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Additional Resources

Poems and Songs of the American Civil War

Civil War Music

Bits of Blue and Gray - poetry of the Civil War

Wordles of Lorena and The Message



"H.D.L. Webster, a Presbyterian minister in Lanesville, Ohio, wrote the words to this song in 1856 after family opposition prevented his marriage to 19-year-old Ella Blockston, who sang in his church choir. Some years later, when composer J.P. Webster (no relation) asked the Reverend for words to accompany a piece of music he had just written, Webster offered this poem. Although the heroine was originally named "Bertha," she was re-christened "Lorena" to provide the three-syllable name needed to fit the meter of the music. Thus did the lost love of Reverend Webster's youth secure a place for herself in musical history.


"The following poem by Elizabeth Stuart Phelps Ward highlights the personhood of the soldier, the family life he abandoned in the name of something we don’t know, and the love that survived even the “red feet” of battle."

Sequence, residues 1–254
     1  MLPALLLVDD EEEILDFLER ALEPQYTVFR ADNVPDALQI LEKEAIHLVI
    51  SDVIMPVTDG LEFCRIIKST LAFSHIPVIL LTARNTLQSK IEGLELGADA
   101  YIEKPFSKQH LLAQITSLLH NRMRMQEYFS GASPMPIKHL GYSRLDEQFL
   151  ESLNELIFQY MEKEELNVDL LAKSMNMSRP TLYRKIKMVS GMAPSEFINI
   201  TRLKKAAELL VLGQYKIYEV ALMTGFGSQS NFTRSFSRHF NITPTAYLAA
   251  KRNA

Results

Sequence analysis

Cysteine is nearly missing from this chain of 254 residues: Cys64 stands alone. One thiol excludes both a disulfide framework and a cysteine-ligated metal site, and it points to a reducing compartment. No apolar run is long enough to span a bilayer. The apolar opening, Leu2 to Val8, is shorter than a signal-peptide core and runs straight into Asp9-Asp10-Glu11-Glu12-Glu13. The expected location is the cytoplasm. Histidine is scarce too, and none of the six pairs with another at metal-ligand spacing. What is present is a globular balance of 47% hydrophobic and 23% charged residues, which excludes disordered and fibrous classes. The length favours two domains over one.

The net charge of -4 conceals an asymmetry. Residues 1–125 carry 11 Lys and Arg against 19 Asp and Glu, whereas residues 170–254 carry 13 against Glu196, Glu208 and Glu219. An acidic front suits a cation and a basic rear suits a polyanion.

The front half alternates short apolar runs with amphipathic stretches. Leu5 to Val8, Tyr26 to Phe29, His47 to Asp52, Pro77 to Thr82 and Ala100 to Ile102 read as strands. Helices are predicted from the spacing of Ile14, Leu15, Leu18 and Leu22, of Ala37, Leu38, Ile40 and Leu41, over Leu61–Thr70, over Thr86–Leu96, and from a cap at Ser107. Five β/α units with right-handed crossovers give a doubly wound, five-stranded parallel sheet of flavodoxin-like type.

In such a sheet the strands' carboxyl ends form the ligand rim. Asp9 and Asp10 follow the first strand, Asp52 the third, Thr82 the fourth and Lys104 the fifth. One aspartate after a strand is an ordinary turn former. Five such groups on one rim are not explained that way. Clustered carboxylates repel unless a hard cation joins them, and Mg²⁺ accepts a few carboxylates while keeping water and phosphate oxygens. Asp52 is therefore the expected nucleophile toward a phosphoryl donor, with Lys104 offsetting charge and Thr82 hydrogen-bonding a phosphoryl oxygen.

Was there ever message sweeter
Than that one from Malvern Hill,
From a grim old fellow,-you remember?
Dying in the dark at Malvern Hill.
With his rough face turned a little,
On, a heap of scarlet sand,
They found him, just within the thicket,
With a picture in his hand,

With a stained and crumpled picture
Of a woman's aged face;
Yet there seemed to leap a wild entreaty,
Young and living-tender-from the face
When they flashed the lantern on it,
Gilding all the purple shade,
And stooped to raise him softly,
That's my mother, sir," he said.

"Tell her"-but he wandered, slipping
Into tangled words and cries,
Something about Mac and Hooker,
Something dropping through the cries
About the kitten by the fire,
And mother's cranberry-pies; and there
The words fell, and an utter
Silence brooded in the air.

Just as he was drifting from them,
Out into the dark, alone
(Poor old mother, waiting for your message,
Waiting with the kitten, all alone!),
Through the hush his voice broke, Tell her
Thank you, Doctor-when you can,
Tell her that I kissed her picture,
And wished I'd been a better man."

Ah, I wonder if the red feet
Of departed battle-hours
May not leave for us their searching
Message from those distant hours.
Sisters, daughters, mothers, think you,
Would your heroes now or then,
Dying, kiss your pictured faces,
Wishing they'd been better men?